A report from the NBC affiliate in Boston sheds light on an aspect of mail-in DNA kits that may surprise some users: when you sign the paperwork to obtain the results, you're often granting a "perpetual, royalty-free, world-wide, transferable license" for the data. The company in this example is Ancestry, but in an interview Glenn Cohen of Harvard Law School's Petrie-Flom Center noted "that kind of language is probably buried into the informed consent or the forms you sign almost every time you've donated blood or had a blood test." In a statement, Ancestry said they will "not share DNA data with third party marketers, employers or insurance companies," and they allow users to delete their DNA results and/or ask the company destroy the sample from which the results were derived. They also store your DNA without your name. However, these policies are not included in the contract users of Ancestry DNA are required to sign. Consumer protection attorney Joel Winston is quoted in Slate saying “Even if you’ve never used Ancestry.com, but one of your genetic relatives has, the company may already own identifiable portions of your DNA.” Issues related to shared family genomics and privacy have been explored by Consortium Chair Susan M. Wolf and her co-investigators, resulting in a major symposium on the subject. 

News

Logo for Open SNP web platform

New Research Explores Public Genomic Data Sharing

May 10, 2017

A new paper just published in PLOS ONE examines the motivations and characteristics of people who openly share the results of direct-to-consumer genetic testing using the web platform OpenSNP. The team of authors, who are affiliated with the University of Zurich, University of Cambridge, and Goethe University in Frankfurt, found those who shared their data were motivated by a desire to learn more about themselves; to advance medical research and improve genetic testing; and because they considered it fun. The researchers noted "Whereas most respondents were well aware of the privacy risks of their involvement in open genetic data sharing and considered the possibility of direct, personal repercussions troubling, they estimated the risk of this happening to be negligible." Among the paper's authors was Effy Vayena, who spoke at the Consortium's recent conference on research ethics. You can see her talk here.

News

Woolly mammoth

Can Mammoths Save the World from Climate Change?

May 3, 2017

Over the past 20 years, a preserve known as Pleistocene Park has been created in Siberia with the goal of restoring grasslands once home to megafauna like mammoths. The theory behind the park, as described in The Atlantic, is that restoring the wildlife inhabiting it more than 12,000 years ago will create an ecosystem that will slow the thawing of Arctic permafrost, which has more carbon locked in it "than there is in all the planet’s forests and the rest of the atmosphere combined." Two scientists, a father and son named Sergey Zimov and Nikita Zimov, have dedicated their lives to clearing the forests that now cover the Mammoth Steppe by reintroducing species such as musk oxen, wild horses and other large herbivores. However, they need mammoths, "a keystone species on account of their prodigious grazing, their well-digging, and the singular joy they seemed to derive from knocking down trees." The project has inspired geneticist George Church to accelerate his research, which uses the CRISPR genome-editing technology to attempt the creation of a close relative of the mammoth. The article notes, "Nikita and Sergey seemed entirely unbothered by ethical considerations regarding mammoth cloning or geoengineering. They saw no contradiction between their veneration of 'the wild' and their willingness to intervene, radically, in nature." According to Nikita Zimov, “Playing God doesn’t bother me in the least. We are already doing it. Why not do it better?” Read the entire article here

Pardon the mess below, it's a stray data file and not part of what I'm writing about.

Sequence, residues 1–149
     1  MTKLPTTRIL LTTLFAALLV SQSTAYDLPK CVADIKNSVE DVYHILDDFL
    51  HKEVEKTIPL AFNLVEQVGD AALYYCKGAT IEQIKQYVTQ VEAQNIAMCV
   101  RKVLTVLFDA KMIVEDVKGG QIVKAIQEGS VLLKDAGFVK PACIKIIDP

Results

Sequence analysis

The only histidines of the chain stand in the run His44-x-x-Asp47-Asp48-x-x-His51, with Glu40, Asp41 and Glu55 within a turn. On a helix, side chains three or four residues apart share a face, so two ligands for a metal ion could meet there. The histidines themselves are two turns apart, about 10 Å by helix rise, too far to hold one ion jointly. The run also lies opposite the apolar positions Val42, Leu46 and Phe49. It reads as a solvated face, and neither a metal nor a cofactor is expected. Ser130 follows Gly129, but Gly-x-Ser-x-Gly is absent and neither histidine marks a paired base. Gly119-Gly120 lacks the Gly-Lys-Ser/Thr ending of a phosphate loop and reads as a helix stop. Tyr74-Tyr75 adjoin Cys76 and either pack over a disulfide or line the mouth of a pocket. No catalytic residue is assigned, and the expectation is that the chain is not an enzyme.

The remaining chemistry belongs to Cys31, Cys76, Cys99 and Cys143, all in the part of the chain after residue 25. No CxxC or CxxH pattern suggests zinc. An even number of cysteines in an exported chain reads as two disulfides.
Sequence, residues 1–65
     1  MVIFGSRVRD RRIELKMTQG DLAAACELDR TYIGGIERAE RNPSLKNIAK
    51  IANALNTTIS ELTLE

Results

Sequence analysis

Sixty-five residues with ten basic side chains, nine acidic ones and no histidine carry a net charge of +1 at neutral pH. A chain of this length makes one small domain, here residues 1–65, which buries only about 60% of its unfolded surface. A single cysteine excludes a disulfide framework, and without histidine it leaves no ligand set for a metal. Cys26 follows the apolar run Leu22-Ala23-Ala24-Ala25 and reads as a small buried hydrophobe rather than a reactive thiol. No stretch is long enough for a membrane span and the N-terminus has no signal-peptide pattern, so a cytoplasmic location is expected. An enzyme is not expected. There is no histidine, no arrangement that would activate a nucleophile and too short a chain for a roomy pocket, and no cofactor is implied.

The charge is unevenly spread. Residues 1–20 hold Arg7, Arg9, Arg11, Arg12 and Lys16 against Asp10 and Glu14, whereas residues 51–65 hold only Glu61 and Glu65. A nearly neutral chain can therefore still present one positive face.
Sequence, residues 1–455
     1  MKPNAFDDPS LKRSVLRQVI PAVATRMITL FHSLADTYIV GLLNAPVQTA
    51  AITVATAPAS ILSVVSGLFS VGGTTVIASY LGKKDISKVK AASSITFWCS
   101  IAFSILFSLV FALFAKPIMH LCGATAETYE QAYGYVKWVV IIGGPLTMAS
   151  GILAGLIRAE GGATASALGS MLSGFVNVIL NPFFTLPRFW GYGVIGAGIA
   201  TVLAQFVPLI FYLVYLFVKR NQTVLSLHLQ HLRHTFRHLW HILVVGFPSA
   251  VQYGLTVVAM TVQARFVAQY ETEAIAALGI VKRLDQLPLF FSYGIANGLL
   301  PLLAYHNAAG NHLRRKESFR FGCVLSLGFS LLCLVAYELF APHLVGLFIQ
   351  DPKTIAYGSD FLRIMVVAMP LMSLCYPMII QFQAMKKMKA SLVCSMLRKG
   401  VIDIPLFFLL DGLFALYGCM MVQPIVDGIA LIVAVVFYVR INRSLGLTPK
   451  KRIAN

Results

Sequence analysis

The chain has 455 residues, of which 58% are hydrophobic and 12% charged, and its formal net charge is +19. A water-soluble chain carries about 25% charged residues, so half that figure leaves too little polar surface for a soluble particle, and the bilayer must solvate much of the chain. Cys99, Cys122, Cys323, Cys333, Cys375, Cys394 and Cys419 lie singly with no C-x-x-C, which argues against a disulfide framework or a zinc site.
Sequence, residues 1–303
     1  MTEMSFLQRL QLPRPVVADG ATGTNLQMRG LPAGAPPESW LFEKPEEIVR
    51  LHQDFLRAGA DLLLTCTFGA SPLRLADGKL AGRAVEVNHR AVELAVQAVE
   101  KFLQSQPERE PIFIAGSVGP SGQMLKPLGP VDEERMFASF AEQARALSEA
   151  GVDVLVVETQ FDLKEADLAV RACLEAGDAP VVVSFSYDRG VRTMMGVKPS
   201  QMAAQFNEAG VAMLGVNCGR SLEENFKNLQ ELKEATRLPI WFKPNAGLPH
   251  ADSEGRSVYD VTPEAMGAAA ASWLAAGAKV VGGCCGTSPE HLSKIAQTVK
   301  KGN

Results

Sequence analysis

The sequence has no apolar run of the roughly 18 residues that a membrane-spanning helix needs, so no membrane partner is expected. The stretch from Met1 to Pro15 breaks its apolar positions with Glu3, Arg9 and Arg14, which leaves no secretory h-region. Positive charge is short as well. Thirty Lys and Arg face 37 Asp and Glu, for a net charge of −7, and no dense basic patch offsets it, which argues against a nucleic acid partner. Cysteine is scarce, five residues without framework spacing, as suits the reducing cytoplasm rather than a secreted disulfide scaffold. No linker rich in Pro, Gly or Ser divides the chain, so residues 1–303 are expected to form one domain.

News

Scythian horse illustration

Ancient Horse DNA Illuminates Domestication Process

April 27, 2017

A DNA analysis of 14 horse skeletons preserved in Russian and Kazakh sites reveals the Scythians, who ruled the area more than 2,000 years ago, were sophisticated breeders. Fierce, nomadic warriors, the Scythians are believed to be among the first to ride horses into battle, helping extend their territory over large parts of Eastern Europe and Central Asia. The remains of the horses who were studied were preserved in permafrost, allowing an international team of researchers to perform the whole genome sequencing revealing that "the Scythians bred for certain characteristics: stockier forelimbs that were thicker and shorter. The horses also had genes for retaining water, perhaps indicating that the mares were milked for human consumption." The New York Times article notes, "The findings also fit an emerging theory of how domestication in general changes animals as they become intertwined with humans." 

News

FDA logo

FDA Approves Direct-to-Consumer Genetic Tests

April 6, 2017